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The Real Story: Alien Sun Signals


Researchers are noticing some odd behavior in a few Earth-like stars.

Researchers are noticing some odd behavior in a few Earth-like stars.

This is one of those stories we have to write from time to time. Over the past week, the internet has been alive with stories like this: "Either Stars are Strange, or There Are 234 Aliens Trying to Contact Us," and "Astronomers Detect Strange Star Signals That Are 'Probably' Aliens Making Contact." There have also been about the same number of articles telling everyone to settle down, like this one from Nature World News: "No, Space Aliens are Not Communicating Through Strange Signals From Stars."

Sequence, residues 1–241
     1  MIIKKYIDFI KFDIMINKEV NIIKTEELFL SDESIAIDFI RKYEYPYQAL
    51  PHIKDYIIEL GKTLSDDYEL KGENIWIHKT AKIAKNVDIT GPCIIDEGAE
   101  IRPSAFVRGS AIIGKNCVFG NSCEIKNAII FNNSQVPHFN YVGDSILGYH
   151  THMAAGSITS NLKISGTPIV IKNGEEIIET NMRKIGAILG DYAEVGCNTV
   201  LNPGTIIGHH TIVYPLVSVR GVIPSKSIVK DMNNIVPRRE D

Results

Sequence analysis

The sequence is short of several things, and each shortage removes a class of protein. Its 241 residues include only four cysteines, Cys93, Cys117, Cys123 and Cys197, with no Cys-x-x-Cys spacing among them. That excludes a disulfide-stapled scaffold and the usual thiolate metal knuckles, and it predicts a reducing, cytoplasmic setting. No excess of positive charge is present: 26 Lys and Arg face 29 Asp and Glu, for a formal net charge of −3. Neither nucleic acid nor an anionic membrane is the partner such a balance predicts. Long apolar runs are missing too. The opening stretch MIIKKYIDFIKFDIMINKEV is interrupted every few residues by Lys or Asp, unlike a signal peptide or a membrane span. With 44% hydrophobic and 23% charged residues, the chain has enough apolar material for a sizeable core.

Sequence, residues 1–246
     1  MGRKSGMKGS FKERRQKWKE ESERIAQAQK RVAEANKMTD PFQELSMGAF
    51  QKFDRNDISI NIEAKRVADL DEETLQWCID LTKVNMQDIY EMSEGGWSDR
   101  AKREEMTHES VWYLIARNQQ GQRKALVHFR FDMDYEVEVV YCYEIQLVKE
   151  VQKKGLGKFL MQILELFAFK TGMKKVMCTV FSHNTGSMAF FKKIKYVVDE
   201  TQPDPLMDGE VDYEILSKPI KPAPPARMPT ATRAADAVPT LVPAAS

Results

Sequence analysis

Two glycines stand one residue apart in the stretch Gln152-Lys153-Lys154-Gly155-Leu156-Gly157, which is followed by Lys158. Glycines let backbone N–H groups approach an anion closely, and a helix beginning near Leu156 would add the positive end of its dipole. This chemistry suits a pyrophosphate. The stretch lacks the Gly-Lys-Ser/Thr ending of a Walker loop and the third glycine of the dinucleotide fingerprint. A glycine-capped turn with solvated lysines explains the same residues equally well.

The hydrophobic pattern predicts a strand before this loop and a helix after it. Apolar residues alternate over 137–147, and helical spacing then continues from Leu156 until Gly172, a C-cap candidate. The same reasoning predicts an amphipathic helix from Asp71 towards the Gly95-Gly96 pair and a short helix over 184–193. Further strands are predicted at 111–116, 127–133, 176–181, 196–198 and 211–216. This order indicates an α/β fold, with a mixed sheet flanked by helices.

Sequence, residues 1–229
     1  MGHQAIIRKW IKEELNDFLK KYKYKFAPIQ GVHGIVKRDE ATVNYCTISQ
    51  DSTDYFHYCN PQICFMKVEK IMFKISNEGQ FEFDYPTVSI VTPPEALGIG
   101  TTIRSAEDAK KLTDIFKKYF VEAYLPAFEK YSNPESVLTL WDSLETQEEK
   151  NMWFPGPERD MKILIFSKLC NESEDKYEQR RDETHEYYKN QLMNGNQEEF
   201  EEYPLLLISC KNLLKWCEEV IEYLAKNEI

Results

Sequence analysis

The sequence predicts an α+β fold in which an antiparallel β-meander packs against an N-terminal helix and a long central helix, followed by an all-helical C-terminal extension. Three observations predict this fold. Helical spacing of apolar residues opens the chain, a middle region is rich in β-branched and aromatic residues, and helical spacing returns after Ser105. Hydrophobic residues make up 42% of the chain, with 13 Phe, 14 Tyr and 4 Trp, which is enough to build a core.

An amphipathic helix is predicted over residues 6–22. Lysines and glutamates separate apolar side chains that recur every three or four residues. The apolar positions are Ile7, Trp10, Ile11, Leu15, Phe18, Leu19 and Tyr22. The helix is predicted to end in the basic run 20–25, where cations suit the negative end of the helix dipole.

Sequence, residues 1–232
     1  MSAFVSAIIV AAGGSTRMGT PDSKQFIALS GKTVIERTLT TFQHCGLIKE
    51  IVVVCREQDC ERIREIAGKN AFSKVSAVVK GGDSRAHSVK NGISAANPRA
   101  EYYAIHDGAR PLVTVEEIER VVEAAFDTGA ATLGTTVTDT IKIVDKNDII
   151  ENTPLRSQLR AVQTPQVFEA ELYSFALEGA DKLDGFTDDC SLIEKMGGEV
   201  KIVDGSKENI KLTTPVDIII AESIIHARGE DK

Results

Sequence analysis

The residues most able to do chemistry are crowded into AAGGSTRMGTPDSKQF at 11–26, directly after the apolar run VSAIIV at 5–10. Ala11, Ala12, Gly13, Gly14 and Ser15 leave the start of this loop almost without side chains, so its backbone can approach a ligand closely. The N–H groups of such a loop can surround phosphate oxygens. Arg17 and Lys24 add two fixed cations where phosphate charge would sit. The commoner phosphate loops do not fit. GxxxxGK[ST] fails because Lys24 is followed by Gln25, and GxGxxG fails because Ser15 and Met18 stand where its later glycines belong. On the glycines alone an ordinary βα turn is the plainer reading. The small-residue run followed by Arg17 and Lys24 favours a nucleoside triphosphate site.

So what's the truth?

The truth — as is often the case — is somewhere in between, and to get to it, VOA spoke with one of the authors of the article that is the genesis of all these headlines.

So where did all this alien talk come from?

Ermanno Borra and E. Trottier from Laval University in Quebec, Canada, released a paper for peer review on October 14. The title, on its face, isn't likely to stop the presses: "Discovery of peculiar periodic spectral modulations in a small fraction of solar type stars." To get an understanding for what that means, we asked Borra to explain.

He says the whole goal of his research was to search the universe for rhythmic modulations in the light spectrum of stars. Think of these rhythmic modulations as pulses, like the boom-boom bursts of energy that come from pulsars, or as the dots and dashes of Morse code. He said they would look like "two pulses of light, separated by very short times ... 10-12 seconds." These pulses, he says, don't have to come routinely, or very often at all. The key is that the pulses "be separated by the same time." His theory is that if highly advanced civilizations wanted to talk to us, sending these kinds of timed pulses would be the way to do it.